The biggest obstacles that I have encountered in my ability to read and write are my learning disabilities. I went through 18 years of my life before they were identified, and they have caused me so much frustration. I had no idea why other kids could read out loud so well and I couldn’t. I had no idea why it took me so long to read a few pages of a book when other kids were almost done with the chapter. I had no idea why I couldn’t even sit down to write a paper when other kids were doing their essays in the span of a couple hours.Order now
I remember an instance in my AP English Literature class senior year, where we were assigned to read “The Obama Dream” for fifty minutes and write a summary and analysis on what we had read. Well, timed readings always stressed me out, and I really didn’t want to get left being in the class so I tried to focus really intently. That didn’t work too well; I kept getting worried and looking around the room and having thoughts that got me off track. After the reading, I wrote about what I was able to cover.
As I’m sitting there begging in my head “don’t call on me, don’t call on me, don’t call on me, I was called on first to read the assignment. Now I wasn’t just worried about what I had wrote, but also if I would be able to read it properly. My face began to tighten; I could feel the heat burning out of my skin, and the pulse of every heart beat. I thought to myself, “just don’t mess up reading what I wrote and when I was finished stumbling through my reading, the professor asked me in a rude and inconsiderate tone, “why didn’t you finish writing it?
All eyes were on me, every person in the room looking down at me. I responded , “I did finish . He probed further as to how much I had read, and I answered ashamed and humiliated, “twenty-two pages. ” That is just one instance, in a life full of numerous other times where I have been embarrassed, ashamed, defeated, and outright frustrated due to my inabilitys. That was when I decided that I wasn’t just going to sit around and watch as others passed me by in reading and writing.
I got online and just typed in what I was suffering through and found out that one of the only ways to identify the problem was to get a learning evaluation. I opened up another window, looked up “Learning Evaluations in Washington Dc and up popped University of District of Columbia (UDC) with an affordable testing program. I called in and asked what it was all about; they told me that a graduate student does all the person to person evaluations and then the evaluator and a twenty plus year trained psychologist formulated your results. It sounded easy enough to me.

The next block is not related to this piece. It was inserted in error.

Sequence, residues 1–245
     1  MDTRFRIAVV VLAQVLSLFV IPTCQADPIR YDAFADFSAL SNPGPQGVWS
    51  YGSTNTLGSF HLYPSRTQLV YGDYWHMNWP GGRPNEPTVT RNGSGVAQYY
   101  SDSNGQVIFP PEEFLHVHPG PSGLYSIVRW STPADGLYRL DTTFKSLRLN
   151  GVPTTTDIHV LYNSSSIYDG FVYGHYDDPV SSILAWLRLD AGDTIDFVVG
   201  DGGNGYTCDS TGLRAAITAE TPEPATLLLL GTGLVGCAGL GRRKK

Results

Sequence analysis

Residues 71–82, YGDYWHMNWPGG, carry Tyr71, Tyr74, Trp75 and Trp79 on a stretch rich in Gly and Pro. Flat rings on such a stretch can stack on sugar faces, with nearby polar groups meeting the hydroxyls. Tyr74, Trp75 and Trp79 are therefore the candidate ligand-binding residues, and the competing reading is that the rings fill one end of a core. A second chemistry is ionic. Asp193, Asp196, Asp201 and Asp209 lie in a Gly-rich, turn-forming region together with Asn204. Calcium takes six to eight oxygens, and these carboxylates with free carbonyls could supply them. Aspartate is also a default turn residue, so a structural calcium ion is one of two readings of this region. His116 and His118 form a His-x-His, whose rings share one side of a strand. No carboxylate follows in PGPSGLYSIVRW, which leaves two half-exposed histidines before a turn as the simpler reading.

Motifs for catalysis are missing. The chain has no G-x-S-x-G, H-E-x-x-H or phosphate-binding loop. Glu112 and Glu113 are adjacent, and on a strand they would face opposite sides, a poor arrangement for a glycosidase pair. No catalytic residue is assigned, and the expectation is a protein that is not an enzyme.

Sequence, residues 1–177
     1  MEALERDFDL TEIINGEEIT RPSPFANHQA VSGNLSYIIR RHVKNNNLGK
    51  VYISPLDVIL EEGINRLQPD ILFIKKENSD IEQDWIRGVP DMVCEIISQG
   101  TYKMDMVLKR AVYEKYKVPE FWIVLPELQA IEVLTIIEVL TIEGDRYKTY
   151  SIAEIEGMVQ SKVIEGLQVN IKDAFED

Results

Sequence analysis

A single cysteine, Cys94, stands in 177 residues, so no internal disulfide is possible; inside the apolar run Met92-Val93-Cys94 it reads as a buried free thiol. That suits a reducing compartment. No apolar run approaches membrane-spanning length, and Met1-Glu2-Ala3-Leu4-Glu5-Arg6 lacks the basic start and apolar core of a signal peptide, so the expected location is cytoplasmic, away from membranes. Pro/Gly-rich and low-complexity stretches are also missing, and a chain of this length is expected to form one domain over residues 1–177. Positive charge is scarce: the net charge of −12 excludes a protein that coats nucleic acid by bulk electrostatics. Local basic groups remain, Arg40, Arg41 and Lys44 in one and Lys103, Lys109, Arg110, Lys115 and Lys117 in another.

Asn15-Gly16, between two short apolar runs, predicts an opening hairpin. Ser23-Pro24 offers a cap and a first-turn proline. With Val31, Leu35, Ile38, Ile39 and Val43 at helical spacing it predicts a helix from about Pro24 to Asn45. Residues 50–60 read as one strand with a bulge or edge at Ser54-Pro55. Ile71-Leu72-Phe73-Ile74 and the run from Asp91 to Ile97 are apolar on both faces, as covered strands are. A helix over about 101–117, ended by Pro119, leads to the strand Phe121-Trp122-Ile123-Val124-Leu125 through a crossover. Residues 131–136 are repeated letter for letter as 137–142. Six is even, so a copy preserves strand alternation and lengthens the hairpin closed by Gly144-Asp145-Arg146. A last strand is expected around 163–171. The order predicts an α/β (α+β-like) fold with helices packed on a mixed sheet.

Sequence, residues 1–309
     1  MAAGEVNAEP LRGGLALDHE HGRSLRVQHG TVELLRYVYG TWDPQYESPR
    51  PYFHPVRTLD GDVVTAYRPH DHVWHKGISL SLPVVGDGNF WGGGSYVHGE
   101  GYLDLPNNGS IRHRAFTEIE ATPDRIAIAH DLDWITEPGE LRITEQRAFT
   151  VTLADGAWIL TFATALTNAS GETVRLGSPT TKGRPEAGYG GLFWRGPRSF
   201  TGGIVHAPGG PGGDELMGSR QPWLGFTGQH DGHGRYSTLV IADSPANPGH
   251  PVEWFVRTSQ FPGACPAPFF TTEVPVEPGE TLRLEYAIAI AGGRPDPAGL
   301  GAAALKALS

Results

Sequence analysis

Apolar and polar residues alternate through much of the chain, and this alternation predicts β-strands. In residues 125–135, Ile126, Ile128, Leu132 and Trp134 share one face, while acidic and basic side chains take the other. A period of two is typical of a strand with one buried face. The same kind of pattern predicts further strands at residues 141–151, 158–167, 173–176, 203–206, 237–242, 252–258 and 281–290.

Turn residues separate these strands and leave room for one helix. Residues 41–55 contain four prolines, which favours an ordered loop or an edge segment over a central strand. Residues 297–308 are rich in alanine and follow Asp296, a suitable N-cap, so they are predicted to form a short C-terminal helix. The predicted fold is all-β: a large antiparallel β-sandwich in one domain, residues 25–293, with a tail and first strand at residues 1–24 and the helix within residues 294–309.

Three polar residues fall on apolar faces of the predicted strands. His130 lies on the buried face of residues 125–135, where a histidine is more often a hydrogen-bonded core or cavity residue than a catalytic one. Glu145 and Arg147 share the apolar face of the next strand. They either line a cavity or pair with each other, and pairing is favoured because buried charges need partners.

There were 2 evaluations; each was either a three hour long interrogation or a testing marathon. Day one, when I met with the evaluator, we went into this small room with one table, two chairs, one sofa in the corner, and two inspirational posters with dolphins on them. Then the grilling began. Question after question, from “why are you here, and “what do you hope to gain to “what is your family like at home. I sat there itching every minute to get up and do something. All I had around me to look at was the examiner and the dolphins that stared at me.
There was nothing to distract me, or make me feel at ease. I asked a number of times to be excused to go for a walk, or a drink, or a bathroom break; anything I could do to make me less anxious. Every time I went back into the cold, empty room, all I could think about was leaving; to getting out of there, to feel more at ease, to feel unconfined. Day two and three were very similar. I went in, and had to do cognitive testing: an IQ test, a reading test, and a slew of other things that I was just lost in.
I felt an unbearable sensation of anxiousness growing with every new task we started. All I could think of was the testing and wanting to get out. I questioned why I was even going through all of this effort. Every time I walked out for a break, the tension was eased, and I reminded myself why I was there. Thinking kept thinking in my head “you are here to get better, and to understand yourself, and to no longer have moments like English ever again. When it was all over, I was so relieved. I Felt like the razors edge that I had been sitting on was removed. I could breathe again.